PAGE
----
I bought the INCRA 150mm T-Rule a few weeks back partially in anticipation of a non-guitar jobs and projects I'm working on but more out of curiosity in how much I could improve my marking up beyond "remembering where I might be adding in tolerances and compensating". I've never been happy squinting at the true end of a ruler or trying to lay a mark perfectly in line with graduations on the side of one. Couple this with fighting against unsharp pencil lines that gravitate into the grain and I pretty much shiver about how much tolerance it is possible to add into workpieces!
The T-Rules are one of many similar precision products produced by INCRA and are available in a variety of configurations. In their most basic form they made of thin sheet steel perforated by laser to a precision of 0,25mm Metric or 1/64" Imperial. The steel rule is mounted by two knurled thumbwheels to a slotted length of anodised red aluminium extrusion allowing the rule to be offset for better balance when working across entire boards.
The perforations are designed to allow a 0,5mm mechanical pencil lead or marking scribe to sit in the appropriate measure. Sliding the aluminium section along a straight edge produces a highly accurate parallel line to the edge which lays dead in the centre of the measurement. The square edge can also double as a great 90°....square edge!
My T-Rule was bought from JE-Nettiverstas.fi and turned out to be surprisingly expensive. This wasn't JE-Nettiverstas' pricing policy....it's just that these things are just not cheap! I kind of expected it would be, however it is a comparatively small investment over the long term when you consider the returns the tool offers.
(edit: after having used this tool for over three years, I can attest to it having paid itself back over many times already, and is continuing to do so)
Initial impressions of the T-Rule were purely on the surprising thinness of the rule (it makes a great sproing noise though) and the obvious overall quality and precision. Without a doubt, rough careless handling will result in a bent or damaged rule so it is not a good choice for a hectic or rough working area. It definitely benefits marking preparation in a calmer, quieter workplace where you can concentrate on producing the high quality results the T-Rule is capable of.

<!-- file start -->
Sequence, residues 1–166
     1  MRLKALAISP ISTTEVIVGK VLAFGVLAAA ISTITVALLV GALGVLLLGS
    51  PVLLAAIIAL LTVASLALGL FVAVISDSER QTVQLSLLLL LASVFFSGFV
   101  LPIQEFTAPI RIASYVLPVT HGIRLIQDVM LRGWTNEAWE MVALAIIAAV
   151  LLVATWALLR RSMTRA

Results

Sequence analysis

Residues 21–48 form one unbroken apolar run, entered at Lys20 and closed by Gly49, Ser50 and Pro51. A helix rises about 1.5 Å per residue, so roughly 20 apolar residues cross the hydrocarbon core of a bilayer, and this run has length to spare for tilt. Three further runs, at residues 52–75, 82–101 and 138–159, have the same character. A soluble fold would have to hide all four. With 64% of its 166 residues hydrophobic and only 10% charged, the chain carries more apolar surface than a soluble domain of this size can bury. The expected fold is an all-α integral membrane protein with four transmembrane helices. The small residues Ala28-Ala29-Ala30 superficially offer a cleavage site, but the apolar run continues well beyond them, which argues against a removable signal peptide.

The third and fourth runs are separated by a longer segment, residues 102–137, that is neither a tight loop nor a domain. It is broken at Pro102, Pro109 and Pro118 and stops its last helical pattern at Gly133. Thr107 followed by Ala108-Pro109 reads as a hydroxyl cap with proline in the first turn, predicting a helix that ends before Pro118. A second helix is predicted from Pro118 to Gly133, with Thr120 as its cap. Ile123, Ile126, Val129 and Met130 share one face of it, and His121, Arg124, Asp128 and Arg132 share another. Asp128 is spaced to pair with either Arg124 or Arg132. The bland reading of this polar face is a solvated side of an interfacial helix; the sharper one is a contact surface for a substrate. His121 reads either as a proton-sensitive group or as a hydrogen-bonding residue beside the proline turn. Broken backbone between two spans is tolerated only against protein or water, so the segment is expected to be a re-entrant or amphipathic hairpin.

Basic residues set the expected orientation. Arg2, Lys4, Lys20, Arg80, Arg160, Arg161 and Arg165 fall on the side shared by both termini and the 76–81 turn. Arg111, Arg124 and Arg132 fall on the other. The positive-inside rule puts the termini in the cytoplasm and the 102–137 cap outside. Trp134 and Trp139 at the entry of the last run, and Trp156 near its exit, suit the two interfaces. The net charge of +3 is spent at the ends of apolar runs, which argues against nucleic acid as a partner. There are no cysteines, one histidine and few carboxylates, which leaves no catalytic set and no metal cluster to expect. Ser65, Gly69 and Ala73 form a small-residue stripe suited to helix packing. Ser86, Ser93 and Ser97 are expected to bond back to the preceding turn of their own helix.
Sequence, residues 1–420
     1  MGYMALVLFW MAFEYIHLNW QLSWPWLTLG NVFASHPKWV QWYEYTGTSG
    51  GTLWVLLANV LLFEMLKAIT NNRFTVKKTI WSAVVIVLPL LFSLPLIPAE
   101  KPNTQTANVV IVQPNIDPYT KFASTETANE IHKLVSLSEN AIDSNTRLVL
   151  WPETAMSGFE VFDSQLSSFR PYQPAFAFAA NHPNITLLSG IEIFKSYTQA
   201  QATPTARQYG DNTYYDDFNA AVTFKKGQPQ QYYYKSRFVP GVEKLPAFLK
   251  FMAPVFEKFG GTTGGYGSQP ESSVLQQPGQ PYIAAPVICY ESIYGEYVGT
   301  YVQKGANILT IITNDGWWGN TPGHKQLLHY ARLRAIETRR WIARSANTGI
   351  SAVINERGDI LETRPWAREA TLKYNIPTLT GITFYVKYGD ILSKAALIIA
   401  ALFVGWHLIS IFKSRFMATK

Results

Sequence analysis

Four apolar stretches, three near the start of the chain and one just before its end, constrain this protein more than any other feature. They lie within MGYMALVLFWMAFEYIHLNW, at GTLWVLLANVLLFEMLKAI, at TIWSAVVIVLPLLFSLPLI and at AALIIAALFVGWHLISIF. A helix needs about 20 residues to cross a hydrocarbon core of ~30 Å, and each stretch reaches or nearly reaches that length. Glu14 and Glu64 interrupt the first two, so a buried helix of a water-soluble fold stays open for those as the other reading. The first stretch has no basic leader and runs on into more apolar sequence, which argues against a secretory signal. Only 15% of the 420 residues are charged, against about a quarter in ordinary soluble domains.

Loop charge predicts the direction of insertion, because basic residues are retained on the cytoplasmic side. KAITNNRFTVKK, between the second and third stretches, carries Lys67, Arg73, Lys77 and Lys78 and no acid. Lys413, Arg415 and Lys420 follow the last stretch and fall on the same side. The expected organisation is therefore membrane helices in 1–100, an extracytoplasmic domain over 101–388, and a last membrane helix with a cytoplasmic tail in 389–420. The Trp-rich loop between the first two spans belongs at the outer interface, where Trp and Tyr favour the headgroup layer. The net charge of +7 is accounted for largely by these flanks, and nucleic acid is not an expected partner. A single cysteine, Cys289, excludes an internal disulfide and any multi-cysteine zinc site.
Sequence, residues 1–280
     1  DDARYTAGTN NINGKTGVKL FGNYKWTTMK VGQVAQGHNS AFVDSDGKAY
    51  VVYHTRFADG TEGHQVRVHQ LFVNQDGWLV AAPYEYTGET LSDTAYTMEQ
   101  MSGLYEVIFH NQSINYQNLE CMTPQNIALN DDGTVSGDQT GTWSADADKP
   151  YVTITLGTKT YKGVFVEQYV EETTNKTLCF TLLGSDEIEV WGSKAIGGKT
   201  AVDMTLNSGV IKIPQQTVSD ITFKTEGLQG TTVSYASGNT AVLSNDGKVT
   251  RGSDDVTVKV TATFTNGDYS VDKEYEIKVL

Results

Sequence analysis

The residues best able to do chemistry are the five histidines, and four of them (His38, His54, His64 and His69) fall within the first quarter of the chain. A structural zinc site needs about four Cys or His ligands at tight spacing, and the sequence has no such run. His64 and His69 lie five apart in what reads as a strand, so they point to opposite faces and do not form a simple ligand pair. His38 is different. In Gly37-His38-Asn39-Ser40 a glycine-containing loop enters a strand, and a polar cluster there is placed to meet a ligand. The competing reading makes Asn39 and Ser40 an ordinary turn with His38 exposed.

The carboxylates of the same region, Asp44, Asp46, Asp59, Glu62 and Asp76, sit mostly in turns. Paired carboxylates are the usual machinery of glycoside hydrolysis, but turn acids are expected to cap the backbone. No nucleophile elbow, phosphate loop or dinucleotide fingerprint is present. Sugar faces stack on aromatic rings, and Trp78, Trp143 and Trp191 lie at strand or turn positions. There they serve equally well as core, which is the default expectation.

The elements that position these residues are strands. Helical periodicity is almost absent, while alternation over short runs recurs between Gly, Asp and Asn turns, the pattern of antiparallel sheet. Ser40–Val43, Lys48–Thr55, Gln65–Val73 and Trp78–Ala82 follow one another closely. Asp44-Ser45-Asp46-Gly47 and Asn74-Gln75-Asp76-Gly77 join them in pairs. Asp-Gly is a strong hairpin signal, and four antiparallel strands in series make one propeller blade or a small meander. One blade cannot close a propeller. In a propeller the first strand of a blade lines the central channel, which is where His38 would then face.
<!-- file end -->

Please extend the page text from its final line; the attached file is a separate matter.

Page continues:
Adding the T-Rule into my marking tool collection makes the process more and more like meditation, laying each and every line crisply, evenly and beautifully. The purchase of a good quality technical drawing pencil loaded with slightly harder leads will truly turn you into the Mace Windu of work prep. No really.
How does this attention to detail transpire into the end product? Tolerances easily compound into huge errors leaving anything from slightly sloppy joints to disastrous misalignments. This just makes the original marking up a rough guide which at best ends up fixed in the mix. Tightening tolerances to 64ths of an Inch or quarter of a millimetre greatly reduces margin for error. Most importantly - in my opinion - using tools capable of precise results increases your ability to concentrate on the work in hand. Invariably you care and think more about what you are doing - all part of that "measure twice cut once" mentality.
Decreasing tolerances and increasing repeatability of accurate markups make for a far more confident and certain process overall whether marking up a row of staggered dovetails, defining the locations of fret slots or simply squaring up shelf support locations. On my wishlist from INCRA are a 300mm straight rule, protractor and centre-finding ruler....
For more information on INCRA tools, visit the following page and be sure to check out their wider range of measuring and marking tools: http://www.incra.com/measuring_marking-trules.html